Four variants of the SARS-CoV-2 virus responsible for causing COVID-19 are circulating worldwide, said a report released by the World Health Organization (WHO) on Thursday.
A variant of the virus with a D614G substitution in the gene encoding the spike protein emerged in late January or early February 2020. The mutated virus replaced the initial SARS-CoV-2 strain by June 2020 and became dominant, said the report. This strain has increased infectivity and transmission but doesn't cause more severe illness or alter the effectiveness of existing laboratory diagnostics, therapeutics, vaccines, or public health preventive measures.
The second variant was identified in Denmark's mink breeding farms in late January or early February 2020. Named "Cluster 5" by Danish authorities, this variant may reduce virus neutralization in humans, which could potentially decrease the extent and duration of immune protection following natural infection or vaccination. The report said this variant does not appear to have spread widely.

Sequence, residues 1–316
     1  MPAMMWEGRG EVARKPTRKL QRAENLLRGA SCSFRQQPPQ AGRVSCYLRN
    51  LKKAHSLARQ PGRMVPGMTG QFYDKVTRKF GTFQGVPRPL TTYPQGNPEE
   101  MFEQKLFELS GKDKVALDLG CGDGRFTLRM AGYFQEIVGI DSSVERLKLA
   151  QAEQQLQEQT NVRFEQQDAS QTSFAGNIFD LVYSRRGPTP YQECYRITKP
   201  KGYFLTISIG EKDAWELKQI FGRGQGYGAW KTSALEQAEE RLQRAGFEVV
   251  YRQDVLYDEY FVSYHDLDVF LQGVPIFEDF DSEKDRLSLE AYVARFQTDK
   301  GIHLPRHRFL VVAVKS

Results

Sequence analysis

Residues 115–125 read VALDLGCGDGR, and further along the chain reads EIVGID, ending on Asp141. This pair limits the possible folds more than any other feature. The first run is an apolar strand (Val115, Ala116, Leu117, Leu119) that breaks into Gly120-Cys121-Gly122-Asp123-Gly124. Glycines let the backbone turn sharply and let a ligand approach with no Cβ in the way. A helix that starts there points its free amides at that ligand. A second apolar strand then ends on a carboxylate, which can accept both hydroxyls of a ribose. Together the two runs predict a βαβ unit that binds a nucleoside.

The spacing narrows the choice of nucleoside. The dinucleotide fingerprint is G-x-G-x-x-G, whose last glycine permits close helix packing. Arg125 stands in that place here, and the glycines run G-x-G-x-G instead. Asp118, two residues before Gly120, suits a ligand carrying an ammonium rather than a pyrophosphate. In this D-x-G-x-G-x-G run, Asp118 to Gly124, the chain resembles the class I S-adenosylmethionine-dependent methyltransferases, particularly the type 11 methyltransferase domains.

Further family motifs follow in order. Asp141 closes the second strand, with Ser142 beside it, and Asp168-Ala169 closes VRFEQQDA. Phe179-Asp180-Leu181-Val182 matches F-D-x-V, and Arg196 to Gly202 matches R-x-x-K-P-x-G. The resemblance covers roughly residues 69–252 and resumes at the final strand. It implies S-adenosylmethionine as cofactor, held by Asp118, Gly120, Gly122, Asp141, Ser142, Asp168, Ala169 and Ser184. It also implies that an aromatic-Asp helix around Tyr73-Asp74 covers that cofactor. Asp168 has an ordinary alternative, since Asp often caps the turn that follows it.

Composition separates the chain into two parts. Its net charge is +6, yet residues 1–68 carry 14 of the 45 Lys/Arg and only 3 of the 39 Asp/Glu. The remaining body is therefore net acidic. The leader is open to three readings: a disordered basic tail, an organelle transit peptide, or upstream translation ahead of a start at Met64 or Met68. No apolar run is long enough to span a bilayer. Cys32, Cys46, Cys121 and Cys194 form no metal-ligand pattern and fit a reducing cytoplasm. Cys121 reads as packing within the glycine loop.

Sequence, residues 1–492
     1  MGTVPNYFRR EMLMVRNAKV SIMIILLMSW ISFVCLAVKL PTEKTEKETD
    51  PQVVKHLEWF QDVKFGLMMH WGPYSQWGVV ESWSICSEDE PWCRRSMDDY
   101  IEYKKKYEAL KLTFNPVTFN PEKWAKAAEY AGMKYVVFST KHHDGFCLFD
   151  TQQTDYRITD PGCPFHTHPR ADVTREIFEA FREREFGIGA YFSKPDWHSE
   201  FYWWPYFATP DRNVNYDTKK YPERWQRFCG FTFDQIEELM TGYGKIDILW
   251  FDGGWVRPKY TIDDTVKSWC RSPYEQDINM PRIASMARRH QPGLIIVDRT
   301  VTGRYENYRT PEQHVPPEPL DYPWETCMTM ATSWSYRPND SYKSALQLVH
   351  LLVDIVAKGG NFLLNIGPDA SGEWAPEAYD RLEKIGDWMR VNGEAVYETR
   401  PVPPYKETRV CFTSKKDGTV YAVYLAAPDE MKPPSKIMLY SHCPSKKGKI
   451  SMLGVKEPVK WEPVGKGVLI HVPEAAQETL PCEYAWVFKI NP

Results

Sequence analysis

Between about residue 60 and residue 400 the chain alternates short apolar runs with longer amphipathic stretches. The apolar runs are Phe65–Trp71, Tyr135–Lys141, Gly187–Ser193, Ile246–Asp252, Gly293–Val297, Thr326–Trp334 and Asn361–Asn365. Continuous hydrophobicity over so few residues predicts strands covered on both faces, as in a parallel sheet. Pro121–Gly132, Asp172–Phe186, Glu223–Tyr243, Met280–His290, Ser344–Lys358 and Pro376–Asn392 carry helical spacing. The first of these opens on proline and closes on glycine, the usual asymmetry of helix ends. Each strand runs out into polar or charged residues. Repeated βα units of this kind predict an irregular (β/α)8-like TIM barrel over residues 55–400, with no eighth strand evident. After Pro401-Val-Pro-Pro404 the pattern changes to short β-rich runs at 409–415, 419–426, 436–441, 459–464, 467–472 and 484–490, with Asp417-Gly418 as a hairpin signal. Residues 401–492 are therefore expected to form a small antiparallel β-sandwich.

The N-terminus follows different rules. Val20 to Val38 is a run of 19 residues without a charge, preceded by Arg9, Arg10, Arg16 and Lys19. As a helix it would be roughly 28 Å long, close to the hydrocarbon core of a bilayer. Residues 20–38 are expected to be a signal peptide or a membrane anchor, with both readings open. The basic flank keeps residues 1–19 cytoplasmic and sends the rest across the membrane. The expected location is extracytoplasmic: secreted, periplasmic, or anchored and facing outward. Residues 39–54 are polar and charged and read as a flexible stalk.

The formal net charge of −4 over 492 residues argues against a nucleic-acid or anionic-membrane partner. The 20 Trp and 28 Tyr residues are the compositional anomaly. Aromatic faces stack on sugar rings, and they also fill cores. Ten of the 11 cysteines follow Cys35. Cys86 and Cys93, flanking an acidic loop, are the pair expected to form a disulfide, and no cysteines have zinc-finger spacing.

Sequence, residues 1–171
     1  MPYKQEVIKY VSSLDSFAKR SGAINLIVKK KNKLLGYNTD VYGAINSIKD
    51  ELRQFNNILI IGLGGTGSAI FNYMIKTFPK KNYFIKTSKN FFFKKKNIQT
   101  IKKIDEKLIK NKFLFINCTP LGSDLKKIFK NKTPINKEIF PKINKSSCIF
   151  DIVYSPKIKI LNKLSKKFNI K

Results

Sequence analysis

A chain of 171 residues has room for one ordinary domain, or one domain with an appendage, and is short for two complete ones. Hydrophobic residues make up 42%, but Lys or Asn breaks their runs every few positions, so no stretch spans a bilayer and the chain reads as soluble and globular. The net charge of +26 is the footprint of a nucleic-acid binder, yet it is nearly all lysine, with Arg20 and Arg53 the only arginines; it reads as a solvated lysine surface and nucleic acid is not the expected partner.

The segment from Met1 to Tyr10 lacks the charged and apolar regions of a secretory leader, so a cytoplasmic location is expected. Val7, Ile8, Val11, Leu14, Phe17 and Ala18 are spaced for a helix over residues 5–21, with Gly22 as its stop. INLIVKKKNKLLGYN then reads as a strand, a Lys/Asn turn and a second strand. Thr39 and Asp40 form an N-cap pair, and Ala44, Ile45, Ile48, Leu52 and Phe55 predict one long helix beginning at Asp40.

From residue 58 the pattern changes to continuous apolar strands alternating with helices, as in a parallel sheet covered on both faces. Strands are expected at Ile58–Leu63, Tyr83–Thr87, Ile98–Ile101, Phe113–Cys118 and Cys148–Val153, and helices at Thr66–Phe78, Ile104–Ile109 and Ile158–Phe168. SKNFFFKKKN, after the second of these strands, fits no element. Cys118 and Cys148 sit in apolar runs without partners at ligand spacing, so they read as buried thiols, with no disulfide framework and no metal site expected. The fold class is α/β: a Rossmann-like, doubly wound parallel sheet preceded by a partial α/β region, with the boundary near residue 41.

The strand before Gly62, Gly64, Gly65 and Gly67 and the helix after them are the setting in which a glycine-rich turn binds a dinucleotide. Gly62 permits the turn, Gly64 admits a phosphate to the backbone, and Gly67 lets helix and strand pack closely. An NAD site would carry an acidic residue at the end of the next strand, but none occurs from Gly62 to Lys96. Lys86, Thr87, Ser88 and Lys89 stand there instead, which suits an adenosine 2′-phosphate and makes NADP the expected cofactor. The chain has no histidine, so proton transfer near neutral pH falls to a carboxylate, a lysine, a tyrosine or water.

On December 14, 2020, the UK reported to WHO a new variant referred to as SARS-CoV-2 VOC 202012/01, which first appeared in southeast England. Preliminary studies suggested that this variant has increased transmissibility but indicated no change in disease severity. The report said that VOC-202012/01 had been reported in 31 other countries/territories/areas in five of the six WHO regions as of December 30, 2020.
The fourth variant, 501Y.V2, was reported on December 18, in South Africa. According to preliminary studies, the variant is associated with a higher viral load, suggesting a potential for increased transmissibility.
But there's no clear evidence of variant causing more severe disease or worse outcomes. In the week beginning November 16, 2020, South African health authorities found that this new variant has mostly replaced other SARS-CoV-2 viruses circulating in the Eastern Cape, Western Cape KwaZulu-Natal provinces, the report added.